Scientist of the Day - John Emslie
John Emslie, an English illustrator and engraver, was born July 21, 1813. We know little about Emslie's life, other than that his children and grandchildren were all illustrators or miniature painters. What we do know about Emslie is that he drew and engraved a variety of scientific charts, usually in partnership with a printer/publisher, James Reynolds. These charts were primarily astronomical, geological, and geographical, but there were few sciences that escaped his chartmanship. The ones I am familiar with are all relatively small (for charts), about the size of a sheet of typing paper, but on stiffer stock, and they were issued in small portfolios of 10 to 20 charts. We have nine of these by Reynolds in our collections, with titles like Astronomical Diagrams, Astronomical and Geological Diagrams, or Diagrams of Arts, Sciences, and Manufactures; most were published between 1844 and 1854, although there are several later collections. Since the plates were not bound in, or numbered, it is hard to tell what plates are supposed to be in what folder, and there is some repetition between different titles. I am guessing that institutions with the same portfolio slipcases may well have different collections of plates in them.
I had one of these small folios scanned for today's post, a folder called Diagrams Illustrating the Sciences of Astronomy and Geography (1844; second image). This has 15 plates loosely inserted within the covers, one being a duplicate. Not all of the plates are signed, and although we are told that they were all executed by Emslie, I chose only those that actually carry his signature. Most of the astronomical charts are not signed (although see below for an exception), so the charts shown here are either geological or historical.
One of the charts signed by Emslie is titled “The Antediluvian World,” and it depicts the animal and plant life of the Tertiary period at the top, with scenes from the Chalk (Cretaceous), Oolite and Lias (Jurassic) and Silurian below (third image). It says at the top that the chart is based on the work of Buckland, Cuvier, Mantell, and Lyell, all of whom we have profiled in other posts. We show a detail of the dinosaurs discovered by Buckland and Mantell as our first image. In our fourth image, a detail of the bottom of the chart, you can see how the engraving is signed: "Drawn and engraved by John Emslie."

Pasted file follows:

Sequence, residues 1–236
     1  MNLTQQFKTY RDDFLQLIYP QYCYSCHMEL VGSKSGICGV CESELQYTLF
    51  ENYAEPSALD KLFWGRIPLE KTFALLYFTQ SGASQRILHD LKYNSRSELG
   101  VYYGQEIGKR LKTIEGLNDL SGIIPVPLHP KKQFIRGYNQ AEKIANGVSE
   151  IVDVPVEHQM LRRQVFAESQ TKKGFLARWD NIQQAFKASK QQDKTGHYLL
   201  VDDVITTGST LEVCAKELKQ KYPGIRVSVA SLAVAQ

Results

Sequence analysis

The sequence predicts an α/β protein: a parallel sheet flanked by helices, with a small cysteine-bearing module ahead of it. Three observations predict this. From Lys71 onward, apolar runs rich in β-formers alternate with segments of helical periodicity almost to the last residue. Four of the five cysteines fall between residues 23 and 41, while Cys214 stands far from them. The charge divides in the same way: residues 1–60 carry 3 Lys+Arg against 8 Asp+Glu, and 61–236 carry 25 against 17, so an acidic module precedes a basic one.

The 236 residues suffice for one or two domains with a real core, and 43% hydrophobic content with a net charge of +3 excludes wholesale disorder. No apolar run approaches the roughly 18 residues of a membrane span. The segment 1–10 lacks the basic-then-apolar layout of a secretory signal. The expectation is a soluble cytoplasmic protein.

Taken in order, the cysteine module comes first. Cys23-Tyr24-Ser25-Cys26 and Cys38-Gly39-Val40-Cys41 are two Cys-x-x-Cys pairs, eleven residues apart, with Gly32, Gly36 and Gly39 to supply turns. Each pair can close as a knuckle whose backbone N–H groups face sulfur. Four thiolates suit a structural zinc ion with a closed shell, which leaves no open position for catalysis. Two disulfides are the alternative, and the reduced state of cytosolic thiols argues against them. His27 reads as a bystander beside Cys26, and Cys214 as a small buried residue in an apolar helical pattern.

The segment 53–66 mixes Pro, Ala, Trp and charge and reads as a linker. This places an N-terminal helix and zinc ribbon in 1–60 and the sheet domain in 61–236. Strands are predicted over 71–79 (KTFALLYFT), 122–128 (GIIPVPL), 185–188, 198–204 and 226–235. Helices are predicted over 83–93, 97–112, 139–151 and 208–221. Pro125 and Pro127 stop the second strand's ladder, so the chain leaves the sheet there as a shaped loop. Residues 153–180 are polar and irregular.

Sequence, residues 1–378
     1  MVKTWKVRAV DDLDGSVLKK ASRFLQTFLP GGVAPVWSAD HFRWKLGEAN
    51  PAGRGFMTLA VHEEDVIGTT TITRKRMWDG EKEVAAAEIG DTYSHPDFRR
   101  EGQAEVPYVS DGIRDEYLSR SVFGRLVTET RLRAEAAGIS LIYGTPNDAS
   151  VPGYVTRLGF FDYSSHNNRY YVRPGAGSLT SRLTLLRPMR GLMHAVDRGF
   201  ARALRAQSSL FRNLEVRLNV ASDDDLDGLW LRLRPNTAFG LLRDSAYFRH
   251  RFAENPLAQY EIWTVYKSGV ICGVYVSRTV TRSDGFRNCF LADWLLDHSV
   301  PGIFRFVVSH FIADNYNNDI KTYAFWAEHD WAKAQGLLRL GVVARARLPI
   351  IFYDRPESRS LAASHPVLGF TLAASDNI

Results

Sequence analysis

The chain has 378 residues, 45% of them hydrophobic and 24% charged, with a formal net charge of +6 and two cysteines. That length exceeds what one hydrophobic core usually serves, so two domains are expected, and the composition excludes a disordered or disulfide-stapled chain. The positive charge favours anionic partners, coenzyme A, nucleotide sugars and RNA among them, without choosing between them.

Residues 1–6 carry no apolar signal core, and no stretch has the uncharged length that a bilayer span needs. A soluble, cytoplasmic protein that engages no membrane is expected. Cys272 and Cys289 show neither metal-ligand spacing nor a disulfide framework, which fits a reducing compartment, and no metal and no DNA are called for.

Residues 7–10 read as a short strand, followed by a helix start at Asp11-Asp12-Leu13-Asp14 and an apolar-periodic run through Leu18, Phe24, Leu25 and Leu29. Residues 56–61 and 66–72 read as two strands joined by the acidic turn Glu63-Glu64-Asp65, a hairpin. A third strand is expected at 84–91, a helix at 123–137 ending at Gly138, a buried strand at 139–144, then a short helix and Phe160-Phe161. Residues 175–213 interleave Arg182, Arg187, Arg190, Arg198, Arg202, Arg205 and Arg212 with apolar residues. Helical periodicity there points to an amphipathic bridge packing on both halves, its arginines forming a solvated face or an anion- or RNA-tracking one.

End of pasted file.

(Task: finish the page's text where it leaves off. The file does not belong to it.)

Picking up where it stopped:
Another chart is called “Popular Geology,” and it has, in addition to more than the usual amount of text, a geological column in the center, and a section of the earth's crust below, both remarkably detailed (fifth image, above). We include a close-up of the Oolite and Lias section of the geological column, where you can make out the terms "Iguanodon" and "immense saurians" on the left (sixth image, just above).
There is also a chart called "The Principal Varieties of Mankind" (seventh image, above). If we forgive (or at least ignore) the placement of an "Englishman" in the preferred position of front and center, this is a relatively benign portrayal of the (male) varieties of Asian, Australian, Polynesian, European, African, and American peoples to be found around the globe.
The busiest chart is one called “The Stream of History, Showing the Rise and Fall of Empires” (eighth image, above). This graphs not a stream but a complicated delta of dozens of streams, including Greeks, Babylonians, Assyrians, Persians, Chinese, Egyptian, Jews, and many others. The time scale on the left and right is labelled "AM", or annus mundi, the year of the world. Since Alexander the Great, who died in 323 BCE, is dated at 3670 or so AM, then Emslie subscribed to the view that the world was created about 4000 BCE. Or at least his chart subscribed to that belief. In the detail (ninth image), depicting where Alexander united about 10 streams, you can see the names of Aristotle and Socrates just above Alexander’s name.
Our final chart comes from a different Reynolds compilation, with the title: Astronomical and Geographical Diagrams (1850). The chart we show is called “Comparative Magnitude of the Planets,” and it is signed by Emslie (tenth image, above). It depicts the planets to scale, with each planet hand-colored. If you hold the chart up to the light (you can do that, since the charts slip right out of the slipcase), the planets glow in their respective colors. If you turn the chart over (eleventh image, below), you can see why – the planets have been cut out and overlain with translucent tissue paper. The publication of charts like this was a complicated process, but apparently it was very popular with readers, and well worth the additional time and expense.
Some day we will write a post on Reynolds, giving us an opportunity to showcase more of Emslie’s artwork from the other compendia of scientific charts in our collections.
William B. Ashworth, Jr., Consultant for the History of Science, Linda Hall Library and Associate Professor emeritus, Department of History, University of Missouri-Kansas City. Comments or corrections are welcome; please direct to email@example.com.